GALLATIN GATEWAY, Mont. - Uncharted territory is how officials with the Gallatin Gateway Fire Department describe an ice jam along the Gallatin River.
As of Thursday afternoon officials say the only road closed to traffic is Axtell Gateway Road in Gallatin Gateway. That road is covered in ice and rising water and is not safe to travel.
We found Mills Ripley Thursday morning, slowly walking down his driveway, up to his knees in water. The recent change in the flooding along the Gallatin River has left Ripley's yard unrecognizable.
"We've been kind of expecting a second blow, but I wish I would have been able to move my one car," said Ripley.
Since Wednesday, he has been in his front yard for hours at a time, making sure the ice and water flow downstream.
"We cant get out -- we have a moat, so to speak," said Ripley.
Ripley, his wife and son have not been able to leave since Wednesday. Luckily the water has not crept close enough to cause any damage to the home, but not everything could escape the ice jam.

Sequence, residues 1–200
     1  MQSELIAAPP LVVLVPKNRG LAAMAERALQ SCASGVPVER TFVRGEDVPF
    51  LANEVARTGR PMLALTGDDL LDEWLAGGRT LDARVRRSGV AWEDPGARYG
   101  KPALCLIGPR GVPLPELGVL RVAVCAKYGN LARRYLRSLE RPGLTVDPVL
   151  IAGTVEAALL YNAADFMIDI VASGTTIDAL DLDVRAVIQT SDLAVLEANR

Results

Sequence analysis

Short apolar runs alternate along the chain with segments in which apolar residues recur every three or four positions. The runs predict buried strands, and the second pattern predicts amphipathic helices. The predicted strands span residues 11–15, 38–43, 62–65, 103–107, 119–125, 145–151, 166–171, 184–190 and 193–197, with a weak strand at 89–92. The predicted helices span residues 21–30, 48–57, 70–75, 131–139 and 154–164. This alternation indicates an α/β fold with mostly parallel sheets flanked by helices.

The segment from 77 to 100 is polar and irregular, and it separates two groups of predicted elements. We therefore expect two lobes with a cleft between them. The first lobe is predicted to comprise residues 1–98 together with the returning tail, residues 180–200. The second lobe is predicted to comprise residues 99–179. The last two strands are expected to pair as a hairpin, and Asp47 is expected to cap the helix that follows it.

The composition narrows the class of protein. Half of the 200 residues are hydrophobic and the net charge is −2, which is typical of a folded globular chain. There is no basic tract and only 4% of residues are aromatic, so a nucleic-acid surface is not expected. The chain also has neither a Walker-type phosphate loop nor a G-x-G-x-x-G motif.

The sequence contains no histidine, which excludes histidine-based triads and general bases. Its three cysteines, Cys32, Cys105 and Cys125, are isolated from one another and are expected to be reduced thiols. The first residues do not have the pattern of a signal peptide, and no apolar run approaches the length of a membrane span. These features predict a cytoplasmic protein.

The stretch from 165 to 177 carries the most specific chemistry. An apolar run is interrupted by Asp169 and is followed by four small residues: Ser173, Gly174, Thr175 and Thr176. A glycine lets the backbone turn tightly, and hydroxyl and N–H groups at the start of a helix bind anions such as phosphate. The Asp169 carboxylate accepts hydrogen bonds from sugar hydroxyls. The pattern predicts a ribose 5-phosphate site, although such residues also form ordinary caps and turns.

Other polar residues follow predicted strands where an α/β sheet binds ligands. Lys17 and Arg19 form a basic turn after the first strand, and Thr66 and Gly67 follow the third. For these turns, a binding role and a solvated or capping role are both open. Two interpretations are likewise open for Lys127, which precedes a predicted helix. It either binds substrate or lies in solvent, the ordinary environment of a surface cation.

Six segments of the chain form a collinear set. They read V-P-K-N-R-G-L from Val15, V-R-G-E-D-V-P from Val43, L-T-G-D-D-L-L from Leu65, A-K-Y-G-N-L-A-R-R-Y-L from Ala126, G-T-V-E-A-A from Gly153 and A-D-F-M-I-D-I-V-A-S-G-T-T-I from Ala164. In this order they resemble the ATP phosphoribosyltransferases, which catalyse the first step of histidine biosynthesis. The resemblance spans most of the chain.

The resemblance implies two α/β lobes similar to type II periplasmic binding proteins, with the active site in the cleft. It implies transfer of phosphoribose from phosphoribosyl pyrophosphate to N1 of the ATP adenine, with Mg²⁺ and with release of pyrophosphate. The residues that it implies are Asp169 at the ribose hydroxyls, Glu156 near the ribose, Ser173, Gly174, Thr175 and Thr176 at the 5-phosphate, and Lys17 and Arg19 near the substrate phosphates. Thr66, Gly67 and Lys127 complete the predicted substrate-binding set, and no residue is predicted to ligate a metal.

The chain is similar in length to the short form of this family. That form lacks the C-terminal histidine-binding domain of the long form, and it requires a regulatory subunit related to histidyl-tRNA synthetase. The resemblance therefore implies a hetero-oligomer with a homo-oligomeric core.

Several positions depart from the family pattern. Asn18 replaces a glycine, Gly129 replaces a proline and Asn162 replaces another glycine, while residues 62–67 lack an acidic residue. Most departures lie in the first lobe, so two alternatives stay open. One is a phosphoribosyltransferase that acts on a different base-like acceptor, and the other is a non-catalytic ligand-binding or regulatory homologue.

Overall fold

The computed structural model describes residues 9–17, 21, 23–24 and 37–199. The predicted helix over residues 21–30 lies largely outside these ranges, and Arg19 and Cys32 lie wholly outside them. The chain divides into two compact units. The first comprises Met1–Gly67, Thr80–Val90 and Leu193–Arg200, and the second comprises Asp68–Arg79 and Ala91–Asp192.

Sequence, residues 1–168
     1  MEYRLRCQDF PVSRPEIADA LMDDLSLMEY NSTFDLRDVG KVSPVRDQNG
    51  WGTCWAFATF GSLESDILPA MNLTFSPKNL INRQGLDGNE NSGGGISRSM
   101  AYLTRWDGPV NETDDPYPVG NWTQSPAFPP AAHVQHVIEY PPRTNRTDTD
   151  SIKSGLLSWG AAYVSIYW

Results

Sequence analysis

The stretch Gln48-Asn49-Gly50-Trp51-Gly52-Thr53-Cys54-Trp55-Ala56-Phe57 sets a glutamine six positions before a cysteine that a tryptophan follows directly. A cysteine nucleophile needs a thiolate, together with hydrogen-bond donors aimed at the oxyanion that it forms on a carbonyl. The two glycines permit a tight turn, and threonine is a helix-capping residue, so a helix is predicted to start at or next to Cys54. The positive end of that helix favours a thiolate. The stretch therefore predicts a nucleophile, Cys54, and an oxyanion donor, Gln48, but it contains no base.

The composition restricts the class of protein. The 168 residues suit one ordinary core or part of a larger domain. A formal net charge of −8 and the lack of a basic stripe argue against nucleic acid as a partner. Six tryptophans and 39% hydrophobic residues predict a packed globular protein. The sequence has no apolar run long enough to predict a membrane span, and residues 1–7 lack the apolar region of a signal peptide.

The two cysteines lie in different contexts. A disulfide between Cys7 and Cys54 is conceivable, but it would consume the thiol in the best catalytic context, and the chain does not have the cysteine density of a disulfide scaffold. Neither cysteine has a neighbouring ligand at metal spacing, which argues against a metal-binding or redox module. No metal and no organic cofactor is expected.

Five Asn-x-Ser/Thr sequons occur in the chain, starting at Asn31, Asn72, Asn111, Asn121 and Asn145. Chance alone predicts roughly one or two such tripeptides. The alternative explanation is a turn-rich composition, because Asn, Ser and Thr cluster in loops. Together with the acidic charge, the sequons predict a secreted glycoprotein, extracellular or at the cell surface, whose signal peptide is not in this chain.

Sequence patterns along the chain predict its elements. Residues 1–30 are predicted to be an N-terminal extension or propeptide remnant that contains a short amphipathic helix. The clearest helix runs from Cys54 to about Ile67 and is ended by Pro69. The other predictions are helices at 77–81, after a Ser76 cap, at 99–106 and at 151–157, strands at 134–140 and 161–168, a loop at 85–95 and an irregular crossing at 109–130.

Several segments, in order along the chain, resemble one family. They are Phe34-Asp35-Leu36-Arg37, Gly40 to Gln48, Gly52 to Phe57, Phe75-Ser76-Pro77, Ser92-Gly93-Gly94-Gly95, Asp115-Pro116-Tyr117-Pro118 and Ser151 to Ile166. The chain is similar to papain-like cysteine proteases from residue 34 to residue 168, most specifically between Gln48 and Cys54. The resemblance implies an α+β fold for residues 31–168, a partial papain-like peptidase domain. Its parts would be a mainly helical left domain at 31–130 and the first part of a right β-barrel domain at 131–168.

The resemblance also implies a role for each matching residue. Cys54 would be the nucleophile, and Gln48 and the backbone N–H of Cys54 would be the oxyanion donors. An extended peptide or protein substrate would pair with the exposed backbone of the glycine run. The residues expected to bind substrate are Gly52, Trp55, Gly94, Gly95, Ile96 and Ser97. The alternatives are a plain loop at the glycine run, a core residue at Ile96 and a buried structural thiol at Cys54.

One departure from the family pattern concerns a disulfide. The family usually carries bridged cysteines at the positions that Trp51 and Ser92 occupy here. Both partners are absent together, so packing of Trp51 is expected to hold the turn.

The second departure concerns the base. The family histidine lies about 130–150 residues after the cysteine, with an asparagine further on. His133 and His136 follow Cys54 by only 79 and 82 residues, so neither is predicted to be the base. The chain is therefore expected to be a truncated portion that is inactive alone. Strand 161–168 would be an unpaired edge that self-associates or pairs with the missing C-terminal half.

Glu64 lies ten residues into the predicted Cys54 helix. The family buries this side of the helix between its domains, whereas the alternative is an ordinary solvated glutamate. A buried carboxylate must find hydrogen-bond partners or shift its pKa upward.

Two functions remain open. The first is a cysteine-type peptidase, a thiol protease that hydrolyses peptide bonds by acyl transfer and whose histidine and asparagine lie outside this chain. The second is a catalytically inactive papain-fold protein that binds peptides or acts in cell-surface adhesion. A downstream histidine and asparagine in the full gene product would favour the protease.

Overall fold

"I have a couple of older vehicles I couldn't get out, they didn't start, they were lost anyhow," said Ripley.
Despite the mess Mother Nature has made, Ripley is keeping his head up, hoping for the best.
"All we have to do is maintain the ditches, so to speak, so if it does not catastrophically come down and we will be fine," said Ripley.
Kevin Lauer with the Gallatin Gateway Fire Department stopped by to check on Ripley's situation. Lauer explains that an ice jam is just a waiting game.
"We can't say, this is what is going to happen, because it hasn't happened here like this before," said Ripley.
We found officials are not just watching, they are taking action.
"There is a road grader that the highway department has brought in to break up the ice," said Ripley.
Ripley is thankful for the help and says the past few days have been an opportunity to see how a community comes together.
"They are all very helpful and concerned so that is neat to see," said Ripley.
If the ice jam gets to a point where evacuations are necessary, fire officials tell us they use a reverse 911 system in place to call residents and alert them.
The local Red Cross is on alert to help residents if they are displaced by flooding.